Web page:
Andrew Monaghan and Ashley Shaw with the company in Matthew Bourne’s “Cinderella,” which will be presented by Center Theatre Group at the Ahmanson Theatre February 5 through March 10, 2019. For tickets and information, please visit or call (213) 972-4400. Press Contact: / (213) 972-7376. Photo by Johan Persson.


Spoiler alert: A pumpkin will not become a golden carriage nor will four white mice turn into four white horses in choreographer Sir Matthew Bourne’s dance drama, “Cinderella.” Bourne is best known for turning movies and fairy tales into wordless ballet dramas, with such lauded productions as “The Red Shoes,” “Mary Poppins,” his all-male version of “Swan Lake” and even “Edward Scissorhands.”

Bourne’s Cinderella is back onstage at the Ahmanson Theatre two decades after making its US debut here. He relocates the fairy tale to World War II London, retaining the key characters, including the truly evil Stepmother, the two not-so-ugly but quite nasty stepsisters, and plain jane Cinderella, who’s been made a servant to the family, and keeps her head down but nevertheless tries to keep an eye on her beloved invalid father.

The fairy godmother, however, has become the “Angel,” reminding me of David Bowie with his shining silver clothing and silver hair. And the Prince is now an injured pilot named Harry, bandaged up, disoriented and holding his head in pain. (His two friends are known as Tom and Dick in this ballet.)

In this version, there are also several very annoying step-brothers, assorted boyfriends and girlfriends and other dancers who will people the stage during various scenes; it’s a three-act drama, roughly 40 minutes per act.

Yes, of course, there’s a shoe, a bright, sparkling silver slipper; but there’s also a plot twist. Harry, the pilot, stumbles into Cinderella’s home, where she attempts to protect him and they make an immediate connection. The story then moves on to the many ways in which Cinderella and Harry will try to find one another, and continually be frustrated doing so through the blitz, blackouts, a dancehall and a hospital.

There’s no trying shoes on stepsisters in this ballet; the question is how and when will Harry and Cinderella finally get together again. In fact, there’s kind of a red herring here: Harry’s pilot cap falls into Cinderella’s hands, and I was convinced that she was supposed to find him with the cap, instead of the traditional story of finding the foot that fits the shoe. But I was wrong; the shoe still matters.

I’ll be honest. I’m no judge of dance or dancers; I can’t talk about technique or toe shoes, arabesques or lifts. I can say that to my eye, sometimes the costumes obscured the dancing. There were some unique gestures that I wouldn’t ordinarily associate with ballet, that added a quirky, more contemporary element to the classical ballet moves. And frankly, I thought it lagged in Act II, like “we’ve got all this music, let’s fill the time…”

But the transformation of the drab and mousy, glasses-wearing housemaid Cinderella into a stunningly gorgeous blond, ball-gown wearing cinematic goddess in Act II is amazing. Stage effects, too, really are breathtaking. I’m still trying to fathom whether the rain that began pelting the stage was real or projected.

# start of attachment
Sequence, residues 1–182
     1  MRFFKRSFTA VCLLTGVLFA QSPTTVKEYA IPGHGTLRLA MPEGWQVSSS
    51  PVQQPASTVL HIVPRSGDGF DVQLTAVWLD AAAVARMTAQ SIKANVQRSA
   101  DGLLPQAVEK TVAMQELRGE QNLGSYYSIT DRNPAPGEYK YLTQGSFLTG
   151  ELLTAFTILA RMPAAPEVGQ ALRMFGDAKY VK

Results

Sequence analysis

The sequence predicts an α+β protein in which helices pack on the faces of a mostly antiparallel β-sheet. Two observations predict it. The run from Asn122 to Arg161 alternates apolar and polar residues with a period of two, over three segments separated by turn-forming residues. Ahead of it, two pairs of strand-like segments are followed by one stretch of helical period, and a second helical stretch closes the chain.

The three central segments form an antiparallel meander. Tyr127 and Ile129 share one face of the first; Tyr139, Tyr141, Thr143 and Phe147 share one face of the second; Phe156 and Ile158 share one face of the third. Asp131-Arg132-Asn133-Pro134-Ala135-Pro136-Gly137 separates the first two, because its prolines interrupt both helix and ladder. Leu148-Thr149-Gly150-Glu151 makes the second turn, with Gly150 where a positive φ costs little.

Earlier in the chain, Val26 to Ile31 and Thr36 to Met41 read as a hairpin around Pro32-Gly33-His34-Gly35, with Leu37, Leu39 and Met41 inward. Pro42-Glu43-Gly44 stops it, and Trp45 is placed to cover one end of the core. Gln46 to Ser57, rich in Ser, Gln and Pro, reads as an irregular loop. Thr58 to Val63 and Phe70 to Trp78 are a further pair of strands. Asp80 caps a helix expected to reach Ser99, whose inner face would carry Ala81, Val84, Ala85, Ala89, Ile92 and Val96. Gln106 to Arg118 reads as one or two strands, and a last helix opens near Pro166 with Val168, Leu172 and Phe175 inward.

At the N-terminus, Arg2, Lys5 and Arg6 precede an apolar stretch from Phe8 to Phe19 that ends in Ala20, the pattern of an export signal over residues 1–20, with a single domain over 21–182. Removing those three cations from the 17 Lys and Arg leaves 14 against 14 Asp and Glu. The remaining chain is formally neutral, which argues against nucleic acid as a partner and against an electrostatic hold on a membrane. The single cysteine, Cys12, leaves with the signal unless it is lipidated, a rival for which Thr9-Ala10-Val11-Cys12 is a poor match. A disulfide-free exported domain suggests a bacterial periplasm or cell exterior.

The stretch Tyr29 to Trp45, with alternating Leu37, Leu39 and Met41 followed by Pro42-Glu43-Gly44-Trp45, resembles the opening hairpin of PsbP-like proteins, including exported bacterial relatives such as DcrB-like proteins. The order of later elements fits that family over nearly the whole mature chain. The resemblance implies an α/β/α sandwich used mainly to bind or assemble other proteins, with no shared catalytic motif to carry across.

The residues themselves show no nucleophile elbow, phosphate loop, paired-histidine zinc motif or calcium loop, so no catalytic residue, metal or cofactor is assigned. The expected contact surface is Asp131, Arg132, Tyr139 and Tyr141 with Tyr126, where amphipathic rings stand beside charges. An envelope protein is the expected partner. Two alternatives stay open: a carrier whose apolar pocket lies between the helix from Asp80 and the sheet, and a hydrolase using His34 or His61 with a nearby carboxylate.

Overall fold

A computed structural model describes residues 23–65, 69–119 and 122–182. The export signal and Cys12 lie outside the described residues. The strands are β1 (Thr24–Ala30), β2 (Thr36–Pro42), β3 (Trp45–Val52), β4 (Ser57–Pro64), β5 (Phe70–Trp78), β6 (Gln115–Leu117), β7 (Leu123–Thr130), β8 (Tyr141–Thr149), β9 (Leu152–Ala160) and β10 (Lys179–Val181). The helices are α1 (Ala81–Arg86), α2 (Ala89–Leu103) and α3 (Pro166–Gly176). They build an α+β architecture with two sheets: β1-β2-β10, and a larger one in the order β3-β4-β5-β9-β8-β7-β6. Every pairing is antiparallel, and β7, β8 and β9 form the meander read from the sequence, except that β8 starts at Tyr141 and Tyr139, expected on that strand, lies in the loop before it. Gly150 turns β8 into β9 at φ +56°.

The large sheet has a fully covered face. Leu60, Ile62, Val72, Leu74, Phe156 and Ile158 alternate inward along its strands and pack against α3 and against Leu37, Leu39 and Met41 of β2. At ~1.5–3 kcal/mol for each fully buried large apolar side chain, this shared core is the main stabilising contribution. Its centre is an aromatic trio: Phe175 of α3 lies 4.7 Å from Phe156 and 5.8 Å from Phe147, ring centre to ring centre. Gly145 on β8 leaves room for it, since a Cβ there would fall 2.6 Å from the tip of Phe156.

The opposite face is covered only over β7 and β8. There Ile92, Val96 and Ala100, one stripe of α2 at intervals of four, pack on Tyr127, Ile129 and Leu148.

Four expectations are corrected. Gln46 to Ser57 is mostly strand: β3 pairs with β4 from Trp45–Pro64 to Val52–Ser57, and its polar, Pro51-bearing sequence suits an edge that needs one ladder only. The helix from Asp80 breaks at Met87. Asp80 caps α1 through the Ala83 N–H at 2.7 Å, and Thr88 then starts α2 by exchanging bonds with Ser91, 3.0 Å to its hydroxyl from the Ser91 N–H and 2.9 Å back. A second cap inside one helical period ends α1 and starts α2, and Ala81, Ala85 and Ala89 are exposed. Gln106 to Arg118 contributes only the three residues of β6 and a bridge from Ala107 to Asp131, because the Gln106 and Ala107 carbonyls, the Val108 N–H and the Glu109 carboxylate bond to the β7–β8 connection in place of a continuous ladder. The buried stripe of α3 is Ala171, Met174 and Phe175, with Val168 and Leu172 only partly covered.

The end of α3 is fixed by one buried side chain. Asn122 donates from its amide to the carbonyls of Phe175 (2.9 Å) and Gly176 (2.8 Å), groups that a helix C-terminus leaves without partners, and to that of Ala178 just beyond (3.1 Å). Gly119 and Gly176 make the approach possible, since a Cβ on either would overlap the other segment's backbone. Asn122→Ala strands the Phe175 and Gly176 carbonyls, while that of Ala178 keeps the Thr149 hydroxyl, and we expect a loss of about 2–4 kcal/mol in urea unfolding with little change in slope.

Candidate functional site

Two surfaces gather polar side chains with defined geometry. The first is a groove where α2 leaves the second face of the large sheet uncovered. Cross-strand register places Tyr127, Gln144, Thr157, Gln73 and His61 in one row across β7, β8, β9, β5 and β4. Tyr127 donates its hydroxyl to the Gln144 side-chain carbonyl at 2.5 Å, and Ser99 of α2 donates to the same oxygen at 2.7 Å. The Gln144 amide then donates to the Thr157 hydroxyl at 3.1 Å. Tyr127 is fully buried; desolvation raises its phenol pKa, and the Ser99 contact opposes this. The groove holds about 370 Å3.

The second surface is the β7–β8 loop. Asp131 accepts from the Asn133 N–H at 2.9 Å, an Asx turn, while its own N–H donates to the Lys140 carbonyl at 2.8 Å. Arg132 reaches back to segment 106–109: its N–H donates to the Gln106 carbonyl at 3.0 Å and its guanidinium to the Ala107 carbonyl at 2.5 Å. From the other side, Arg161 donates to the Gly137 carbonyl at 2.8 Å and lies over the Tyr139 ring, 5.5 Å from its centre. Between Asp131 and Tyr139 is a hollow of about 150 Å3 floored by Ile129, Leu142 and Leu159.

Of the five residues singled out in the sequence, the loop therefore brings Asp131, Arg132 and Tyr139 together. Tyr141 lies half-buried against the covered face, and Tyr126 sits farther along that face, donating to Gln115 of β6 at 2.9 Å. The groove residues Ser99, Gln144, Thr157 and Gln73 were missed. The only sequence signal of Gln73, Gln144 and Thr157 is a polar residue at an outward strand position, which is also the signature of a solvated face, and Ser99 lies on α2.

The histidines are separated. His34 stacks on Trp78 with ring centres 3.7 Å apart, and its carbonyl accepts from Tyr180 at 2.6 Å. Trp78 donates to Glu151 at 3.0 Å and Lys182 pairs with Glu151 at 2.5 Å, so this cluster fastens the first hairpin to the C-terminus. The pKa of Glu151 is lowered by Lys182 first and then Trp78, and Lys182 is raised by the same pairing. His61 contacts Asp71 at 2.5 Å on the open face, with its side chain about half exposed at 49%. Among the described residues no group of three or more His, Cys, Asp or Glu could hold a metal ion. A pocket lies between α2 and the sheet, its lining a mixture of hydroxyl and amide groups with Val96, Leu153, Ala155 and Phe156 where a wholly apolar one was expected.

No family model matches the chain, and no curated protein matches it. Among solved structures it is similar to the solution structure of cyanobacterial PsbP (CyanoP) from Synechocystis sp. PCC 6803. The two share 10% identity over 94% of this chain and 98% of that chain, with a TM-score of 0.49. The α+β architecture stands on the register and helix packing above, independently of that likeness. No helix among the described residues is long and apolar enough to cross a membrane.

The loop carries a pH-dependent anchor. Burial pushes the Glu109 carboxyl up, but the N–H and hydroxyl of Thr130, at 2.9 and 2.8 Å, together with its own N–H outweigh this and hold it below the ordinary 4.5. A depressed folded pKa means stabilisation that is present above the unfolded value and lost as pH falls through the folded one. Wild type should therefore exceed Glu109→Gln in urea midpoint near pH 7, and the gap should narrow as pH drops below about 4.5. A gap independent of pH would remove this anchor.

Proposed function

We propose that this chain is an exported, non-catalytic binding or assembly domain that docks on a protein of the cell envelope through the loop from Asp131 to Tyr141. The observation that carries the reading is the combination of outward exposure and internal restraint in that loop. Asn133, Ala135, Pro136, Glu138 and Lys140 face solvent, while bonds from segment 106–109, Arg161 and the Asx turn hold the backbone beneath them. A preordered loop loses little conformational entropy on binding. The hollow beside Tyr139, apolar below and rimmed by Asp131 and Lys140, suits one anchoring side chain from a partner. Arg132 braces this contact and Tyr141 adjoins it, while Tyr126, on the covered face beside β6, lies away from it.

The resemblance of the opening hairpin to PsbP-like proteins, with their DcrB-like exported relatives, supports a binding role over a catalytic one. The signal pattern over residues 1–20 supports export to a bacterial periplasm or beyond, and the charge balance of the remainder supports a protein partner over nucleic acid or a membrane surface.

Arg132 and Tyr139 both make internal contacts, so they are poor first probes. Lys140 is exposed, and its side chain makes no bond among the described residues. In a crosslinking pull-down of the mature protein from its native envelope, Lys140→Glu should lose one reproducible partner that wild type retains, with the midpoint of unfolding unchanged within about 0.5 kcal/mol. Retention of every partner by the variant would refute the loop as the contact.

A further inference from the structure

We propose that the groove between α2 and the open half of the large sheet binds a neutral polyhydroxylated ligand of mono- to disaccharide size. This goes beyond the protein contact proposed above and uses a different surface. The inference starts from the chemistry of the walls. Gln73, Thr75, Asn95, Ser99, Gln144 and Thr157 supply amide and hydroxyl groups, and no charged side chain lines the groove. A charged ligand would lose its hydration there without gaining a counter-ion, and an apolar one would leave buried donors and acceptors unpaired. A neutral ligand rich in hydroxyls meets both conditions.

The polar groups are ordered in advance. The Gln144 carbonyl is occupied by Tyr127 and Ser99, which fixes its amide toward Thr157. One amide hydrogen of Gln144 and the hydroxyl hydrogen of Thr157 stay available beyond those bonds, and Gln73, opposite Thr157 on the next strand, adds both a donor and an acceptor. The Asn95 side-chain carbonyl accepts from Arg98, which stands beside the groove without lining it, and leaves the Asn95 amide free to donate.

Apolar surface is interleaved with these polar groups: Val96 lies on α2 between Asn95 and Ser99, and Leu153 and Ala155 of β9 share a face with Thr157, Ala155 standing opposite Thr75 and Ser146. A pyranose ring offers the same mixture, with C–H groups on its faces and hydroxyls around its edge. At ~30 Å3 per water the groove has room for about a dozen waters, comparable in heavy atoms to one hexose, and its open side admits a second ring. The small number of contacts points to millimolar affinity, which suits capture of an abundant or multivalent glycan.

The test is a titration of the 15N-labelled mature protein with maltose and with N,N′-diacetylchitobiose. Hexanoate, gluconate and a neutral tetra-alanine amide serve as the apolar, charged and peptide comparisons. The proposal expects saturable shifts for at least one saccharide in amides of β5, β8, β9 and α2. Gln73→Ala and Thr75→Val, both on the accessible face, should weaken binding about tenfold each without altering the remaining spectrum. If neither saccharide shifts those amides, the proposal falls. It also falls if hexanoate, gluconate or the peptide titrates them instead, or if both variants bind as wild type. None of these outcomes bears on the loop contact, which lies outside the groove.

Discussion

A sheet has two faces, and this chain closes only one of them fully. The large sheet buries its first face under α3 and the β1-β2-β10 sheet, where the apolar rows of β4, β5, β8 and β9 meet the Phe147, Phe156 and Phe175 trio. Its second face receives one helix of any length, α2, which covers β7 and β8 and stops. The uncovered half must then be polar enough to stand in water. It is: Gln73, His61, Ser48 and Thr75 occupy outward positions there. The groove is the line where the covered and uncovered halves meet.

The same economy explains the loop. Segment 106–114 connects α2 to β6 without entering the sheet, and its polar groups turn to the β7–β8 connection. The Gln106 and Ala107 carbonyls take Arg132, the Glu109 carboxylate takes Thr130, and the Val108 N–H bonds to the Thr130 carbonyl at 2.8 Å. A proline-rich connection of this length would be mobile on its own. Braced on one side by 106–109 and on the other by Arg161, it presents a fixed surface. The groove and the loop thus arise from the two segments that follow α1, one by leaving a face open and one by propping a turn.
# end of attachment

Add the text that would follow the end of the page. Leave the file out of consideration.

Bourne’s plot strays far from the original, including the odd twist of the hard-drinking, man-chasing stepmother shooting Cinderella’s father, resulting in his being wheelchair bound. And, not to put to fine a point on it, Harry and Cinderella (GASP!) spend the night together…not sleeping.

Hats off to principal dancers Cordelia Braithwaite (Cinderella), Andrew Monaghan (Harry), Paris Fitzgerald (The Angel) and Anjali Mehra (Sybil, the stepmother). As plots go, this one thickens by the minute and is difficult to follow, if you’re seeking to match it to the fairy tale. However, it does have a happy ending.

Cinderella is onstage at the Ahmanson Theatre at The Music Center through March 10. Bring some snacks – there are two intermissions! Tickets here:


Santa Monica Rep has an open call for actors to submit audition videos through March.

If you make the cut, you’ll get a callback in April.

Right now, they’re casting for their upcoming and very popular Annual Playreading Festival (June 7—9). SMR Playreading Festival is a weekend of theatre anchored in a specific theme and explored through a slate of play readings supported by discussions and ancillary programming.

Per the submissions page, SM Rep states: “We want our company to reflect the world we live in, and it is our policy to actively recruit actors of all cultural backgrounds, of varying capability, and who identify as LGBTQIA.”

More information about Santa Monica Rep can be found on the website:  But be sure to submit your audition video here:


Next week, on Saturday, February 23, Virginia Avenue Park, in association with the Parent Connection Group, offers a free event, the fourth annual Greens Festival, to celebrate Black History Month. This year the theme for the festival is “Young, Gifted and Black,” and will feature cooking demos with celebrity chefs, a community greens cooking contest, a Black History exhibit, musical performances, book readings and more.

Sarah A. Spitz is an award-winning public radio producer, now retired from KCRW, where she also produced arts stories for NPR. She writes features and reviews for various print and online publications.


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